A conversation between a partially educated parrot and a machine

A performance for augmented gramophone and computer,

Through the use of both original and digitalized birds recordings archives from the 1930’s, this performance explores the historical and sonic relationships between birds, humans and sound reproduction technologies.

In the late 19th century, Eldridge Johnson, head of Victor Records, said about the phonograph that it « sounded much like a partially educated parrot with a sore throat and a cold in the head” (Johnson, quoted in par Kenney, Recorded Music, 47). This is the same phonograph that Ludwig Koch used in 1889 to make the first recording of a bird in a zoo in Frankfurt. My aim was to unfold this comparison between an ill-behaved bird and a sound reproduction technology to tell a story where music is made together by historical and recent audio technologies, birds, and the humans that listen to them.

In A conversation between a partially educated parrot and a machine, I take turns interacting with ipads and a gramophone equipped with sensors. On the one hand, this emblematic historical audio technology reads the original shellac disks by Ludwig Koch in the 1930’s, on the other hand it becomes a physical interface sending data to live algorithmic processes.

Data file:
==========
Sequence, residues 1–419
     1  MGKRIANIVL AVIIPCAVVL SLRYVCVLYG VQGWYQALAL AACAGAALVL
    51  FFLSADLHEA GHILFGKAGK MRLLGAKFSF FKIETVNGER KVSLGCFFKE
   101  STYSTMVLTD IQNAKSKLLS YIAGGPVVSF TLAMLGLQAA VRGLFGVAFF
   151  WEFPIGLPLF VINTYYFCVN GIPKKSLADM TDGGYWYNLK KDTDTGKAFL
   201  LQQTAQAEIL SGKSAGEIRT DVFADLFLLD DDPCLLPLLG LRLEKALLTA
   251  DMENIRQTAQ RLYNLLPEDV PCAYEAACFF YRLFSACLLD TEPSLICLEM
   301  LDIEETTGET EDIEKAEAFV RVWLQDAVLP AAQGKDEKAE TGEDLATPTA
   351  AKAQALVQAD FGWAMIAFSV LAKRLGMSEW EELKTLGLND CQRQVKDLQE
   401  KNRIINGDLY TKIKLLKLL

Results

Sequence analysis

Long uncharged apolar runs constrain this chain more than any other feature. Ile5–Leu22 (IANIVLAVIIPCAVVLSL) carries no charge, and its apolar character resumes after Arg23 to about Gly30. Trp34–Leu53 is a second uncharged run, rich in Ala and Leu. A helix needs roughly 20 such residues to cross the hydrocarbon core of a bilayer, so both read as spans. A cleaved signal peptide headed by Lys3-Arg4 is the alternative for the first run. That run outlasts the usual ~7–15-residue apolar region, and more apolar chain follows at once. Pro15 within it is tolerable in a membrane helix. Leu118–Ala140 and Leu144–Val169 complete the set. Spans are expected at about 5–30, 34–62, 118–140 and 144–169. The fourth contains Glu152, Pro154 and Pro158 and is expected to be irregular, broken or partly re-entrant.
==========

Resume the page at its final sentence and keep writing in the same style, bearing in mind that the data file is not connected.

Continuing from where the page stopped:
The performance emphasizes on a dynamic back and forth between several kind of discourses (documentary, fictional, musical), technologies (computer and gramophone), and sounds (sounds of birds’ songs and sound reproduction artefacts).

Credits :
Research, Conception, Composition, Programming and Performance : Estelle Schorpp
Production support : La Biennale di Venezia - CIMM, Centro Informatico Musicale Multimedia
Main mentor : Miller Puckette
Mentors : Kyoka, Brigitta Munterdorf, Thiery Coduys, Oscar Pizzo, Gerfired Stocker, Ali Nikrang, Yoko Shimizu
Sound engeneering and diffusion : Thierry Coduys and Adrien Zanni
Light Design: Tommaso Zappon
Sound archives : BBC
All pictures Courtesy La Biennale di Venezia


© Lucio Fiorentino, Luca Gianfrancesco, Pasquale Sbarra. Courtesy La Biennale di Venezia